“The higher up in the tree the monkey goes, the more of his backside that shows,” goes the maxim. It would be hard to climb higher than Warren Buffett, the world's most celebrated investor. However, as the namesake of the Buffett Rule that imposes higher tax rates on the wealthy, Buffett and his backside dangle precariously “out on a limb.”
Residing atop Buffett's tree is New Jersey Gov. Chris Christie, known to deliver the best rhetorical broadside, probably because of his broad backside. Last week, Christie buffeted Buffett, forcing him to Think Again.
After two years of traumatic budget austerity, Christie's 10 percent tax cut for all New Jerseyans is central to his fiscal revival plan. Designed to stimulate economic growth, job creation and entrepreneurialism, Christie expects Jersey's economic pie to grow so more “haves and soon-to-haves” generate more tax revenue. After eschewing Buffett's Tax, Christie challenged Buffett to put up or shut up by writing the government a check, to which Buffett conceded, “It's sort of a touching response to a $1.2 trillion deficit, isn't it? That somehow the American people will just all send in checks and take care of it?”
Perhaps unwittingly, the “Oracle of Omaha” revealed the hard truth: No reasonable amount of taxation can address the catastrophic levels of spending, deficit, debt and doubt that plague Americans.
Even the 49.5 percent of Americans who aren't currently paying federal income taxes — a status for which they're wrongly disparaged since other taxes they pay support government (state, payroll, property, sales, gas) — know that increasing tax rates on high earners won't “take care of it.” Incredibly, confiscating the taxable income of America's millionaires and billionaires would only yield $938 billion, enough to run the government for three months.
Ominously, the nonpartisan Tax Foundation estimates the Buffett Rule could raise $40 billion annually, chicken feed compared with our deficit and bullish considering the United Kingdom's new wealth tax generated less revenue from top earners than before its implementation.
Most insidious, a large majority of America's small businesses, the sector responsible for creating two-thirds of all new jobs since 1996, file individual (not corporate) returns, thus ensnaring them in the Buffett Rule. Imagine the surprise of the technology entrepreneur who wants to expand her business but finds herself in Buffett's tax class!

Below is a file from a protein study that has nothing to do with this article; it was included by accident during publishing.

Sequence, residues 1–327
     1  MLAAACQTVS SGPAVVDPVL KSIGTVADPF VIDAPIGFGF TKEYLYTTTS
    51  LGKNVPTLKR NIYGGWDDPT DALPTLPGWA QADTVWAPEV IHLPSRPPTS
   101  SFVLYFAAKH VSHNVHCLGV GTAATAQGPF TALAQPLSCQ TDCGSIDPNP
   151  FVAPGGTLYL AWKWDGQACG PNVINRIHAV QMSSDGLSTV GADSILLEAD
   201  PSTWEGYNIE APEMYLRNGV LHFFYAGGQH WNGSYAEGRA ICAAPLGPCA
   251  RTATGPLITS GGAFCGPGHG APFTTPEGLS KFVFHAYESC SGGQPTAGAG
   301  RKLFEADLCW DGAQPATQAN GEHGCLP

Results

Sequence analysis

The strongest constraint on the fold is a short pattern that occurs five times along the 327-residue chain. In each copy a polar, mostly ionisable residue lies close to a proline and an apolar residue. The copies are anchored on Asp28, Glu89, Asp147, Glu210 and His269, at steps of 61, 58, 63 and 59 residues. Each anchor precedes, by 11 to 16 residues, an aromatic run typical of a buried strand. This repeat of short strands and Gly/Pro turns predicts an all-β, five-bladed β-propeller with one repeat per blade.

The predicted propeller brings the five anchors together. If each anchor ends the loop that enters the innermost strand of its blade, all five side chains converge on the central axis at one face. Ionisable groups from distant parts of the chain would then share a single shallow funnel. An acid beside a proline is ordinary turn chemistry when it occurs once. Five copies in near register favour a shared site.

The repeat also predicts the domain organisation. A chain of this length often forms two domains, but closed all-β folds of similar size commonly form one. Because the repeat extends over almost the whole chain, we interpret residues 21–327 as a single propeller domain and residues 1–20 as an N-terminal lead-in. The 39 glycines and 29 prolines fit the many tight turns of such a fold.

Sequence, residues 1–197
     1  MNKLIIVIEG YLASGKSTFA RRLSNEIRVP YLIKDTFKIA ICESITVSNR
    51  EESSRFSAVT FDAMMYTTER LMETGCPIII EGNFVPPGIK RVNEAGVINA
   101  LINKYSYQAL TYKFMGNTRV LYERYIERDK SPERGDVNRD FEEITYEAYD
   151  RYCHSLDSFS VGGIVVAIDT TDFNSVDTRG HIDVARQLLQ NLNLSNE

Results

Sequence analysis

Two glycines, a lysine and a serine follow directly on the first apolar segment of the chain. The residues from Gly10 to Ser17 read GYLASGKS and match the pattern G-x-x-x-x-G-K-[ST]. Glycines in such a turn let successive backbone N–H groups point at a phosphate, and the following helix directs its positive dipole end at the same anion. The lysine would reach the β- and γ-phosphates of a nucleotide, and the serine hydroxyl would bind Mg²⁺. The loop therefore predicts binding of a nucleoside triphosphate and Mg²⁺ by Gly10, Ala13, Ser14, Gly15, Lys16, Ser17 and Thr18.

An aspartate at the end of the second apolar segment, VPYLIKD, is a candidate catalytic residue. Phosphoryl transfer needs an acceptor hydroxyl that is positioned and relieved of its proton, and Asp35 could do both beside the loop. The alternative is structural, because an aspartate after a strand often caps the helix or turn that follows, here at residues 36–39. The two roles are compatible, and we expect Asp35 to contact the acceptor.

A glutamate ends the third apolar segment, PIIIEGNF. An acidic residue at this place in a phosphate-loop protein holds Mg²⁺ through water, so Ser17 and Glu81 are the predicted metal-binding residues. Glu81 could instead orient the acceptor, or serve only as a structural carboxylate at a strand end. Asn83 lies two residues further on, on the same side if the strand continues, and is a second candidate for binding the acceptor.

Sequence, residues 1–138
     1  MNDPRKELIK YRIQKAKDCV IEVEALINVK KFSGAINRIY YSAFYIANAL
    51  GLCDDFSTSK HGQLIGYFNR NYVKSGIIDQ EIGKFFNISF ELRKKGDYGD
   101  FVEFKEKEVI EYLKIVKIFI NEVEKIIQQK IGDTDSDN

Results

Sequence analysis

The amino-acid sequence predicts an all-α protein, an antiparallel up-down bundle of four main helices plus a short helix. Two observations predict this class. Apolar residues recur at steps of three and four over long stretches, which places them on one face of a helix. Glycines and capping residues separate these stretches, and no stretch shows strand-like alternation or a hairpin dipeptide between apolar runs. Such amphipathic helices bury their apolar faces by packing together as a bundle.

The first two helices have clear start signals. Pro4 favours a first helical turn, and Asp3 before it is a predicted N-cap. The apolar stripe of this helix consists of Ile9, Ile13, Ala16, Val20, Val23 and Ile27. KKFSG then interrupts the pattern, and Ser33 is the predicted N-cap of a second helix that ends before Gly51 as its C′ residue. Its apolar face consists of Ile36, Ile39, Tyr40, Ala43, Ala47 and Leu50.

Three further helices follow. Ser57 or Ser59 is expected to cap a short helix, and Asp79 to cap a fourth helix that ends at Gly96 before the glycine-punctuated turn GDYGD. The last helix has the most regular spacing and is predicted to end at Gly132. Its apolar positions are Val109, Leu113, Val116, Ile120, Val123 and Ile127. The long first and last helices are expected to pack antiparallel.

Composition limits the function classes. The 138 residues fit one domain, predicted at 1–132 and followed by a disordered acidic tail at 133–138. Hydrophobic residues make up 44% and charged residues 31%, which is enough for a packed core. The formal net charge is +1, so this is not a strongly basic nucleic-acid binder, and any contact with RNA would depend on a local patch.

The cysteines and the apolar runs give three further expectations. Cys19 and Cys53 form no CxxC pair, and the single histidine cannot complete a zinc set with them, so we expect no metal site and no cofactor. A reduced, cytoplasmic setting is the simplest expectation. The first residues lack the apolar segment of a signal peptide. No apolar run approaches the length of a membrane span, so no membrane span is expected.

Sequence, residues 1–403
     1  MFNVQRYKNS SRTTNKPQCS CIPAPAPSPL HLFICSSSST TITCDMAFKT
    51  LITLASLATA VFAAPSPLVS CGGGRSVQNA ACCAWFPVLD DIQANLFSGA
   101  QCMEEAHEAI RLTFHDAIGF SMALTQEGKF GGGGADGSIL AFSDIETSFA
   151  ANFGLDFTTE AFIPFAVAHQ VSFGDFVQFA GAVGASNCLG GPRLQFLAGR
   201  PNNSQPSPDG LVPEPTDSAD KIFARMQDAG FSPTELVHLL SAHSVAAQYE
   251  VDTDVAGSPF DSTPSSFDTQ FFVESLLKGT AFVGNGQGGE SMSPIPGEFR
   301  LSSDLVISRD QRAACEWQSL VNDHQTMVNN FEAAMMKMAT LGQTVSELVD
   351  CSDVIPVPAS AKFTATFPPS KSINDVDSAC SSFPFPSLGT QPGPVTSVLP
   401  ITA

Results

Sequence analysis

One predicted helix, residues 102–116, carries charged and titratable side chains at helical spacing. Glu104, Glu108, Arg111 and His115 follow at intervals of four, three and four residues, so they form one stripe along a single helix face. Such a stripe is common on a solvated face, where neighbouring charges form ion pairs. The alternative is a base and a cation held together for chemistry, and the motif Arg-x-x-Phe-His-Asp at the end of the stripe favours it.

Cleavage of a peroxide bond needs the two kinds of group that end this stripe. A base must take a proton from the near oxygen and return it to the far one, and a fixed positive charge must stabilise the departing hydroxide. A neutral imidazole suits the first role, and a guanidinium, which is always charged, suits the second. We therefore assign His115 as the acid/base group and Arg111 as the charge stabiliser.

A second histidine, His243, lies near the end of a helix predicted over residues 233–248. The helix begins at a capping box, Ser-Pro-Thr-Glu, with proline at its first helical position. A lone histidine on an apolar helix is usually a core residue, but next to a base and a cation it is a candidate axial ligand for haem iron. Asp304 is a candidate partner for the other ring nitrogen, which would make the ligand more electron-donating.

The dirty little secret is that to reduce the deficit or avoid spending cuts, we'd need a “soak the middle class” strategy. That's because 98 percent of America's taxable income is in households that earn less than $250,000. As Buffett admitted, “The purpose of the Buffett Rule is not to close the deficit gap.”
So why promote the Buffett Rule if it's economically injurious and fiscally imprudent? Because in an election year, budget gimmicks and fairness illusions trump growth, job creation, tax revenue and economic logic. This isn't tax fairness; it's tax farce.
The million-dollar question is, What is fair? Is it fairer to equitably divide a stagnant or shrinking economic pie or to grow the pie so everybody gets more, albeit unevenly?
Since first implementing the income tax a century ago, we've agreed on the latter while operating the industrialized world's most progressive tax system. According to 2009 IRS data, Americans with incomes less than $100,000 paid an average rate of 8 percent while those making more than $500,000 averaged 25 percent. Furthermore, the top “1 percent” currently pay 38 percent of America's income taxes while the top “10 percent” pay 75 percent.
But as Buffett notes, “You can do pretty dumb things when you've got a big checkbook.” The real problem isn't that Americans (rich or not) pay too few taxes; it's that government is so over-extended, it's transferring hundreds of billions of dollars to the affluent. Why should a farmer making $2.5 million be eligible for farm subsidies? Should Buffett be entitled to the same Medicare and Social Security benefits as those without corporate jets? Should wealthy backers of green energy be entitled to billions in below-market loans whether or not they're political donors?
As the president's bipartisan Debt Commission recommended, wealthy Americans shouldn't get benefits they don't need nor tax preferences that distort and undermine our economy. But withdrawing voters' goodies isn't smart politics when you're trying to secure electoral majorities. Conversely, it's politically wise to distract voters from current realities like the following: One in six Americans lives in poverty — the most since tracking began in 1959; government dependency is at an all-time high; and the percentage of Americans with a job is the lowest in decades.
Imagine the possibilities if Buffett turned his attention to the challenges of income stagnation. He already knows that American prosperity derives from entrepreneurial activity and the incentives that inspire it, having once said, “You can change behavior by incentives, but you can't usually change behavior by sermons, although people try every Sunday.”
Think Again, Warren — that's good advice.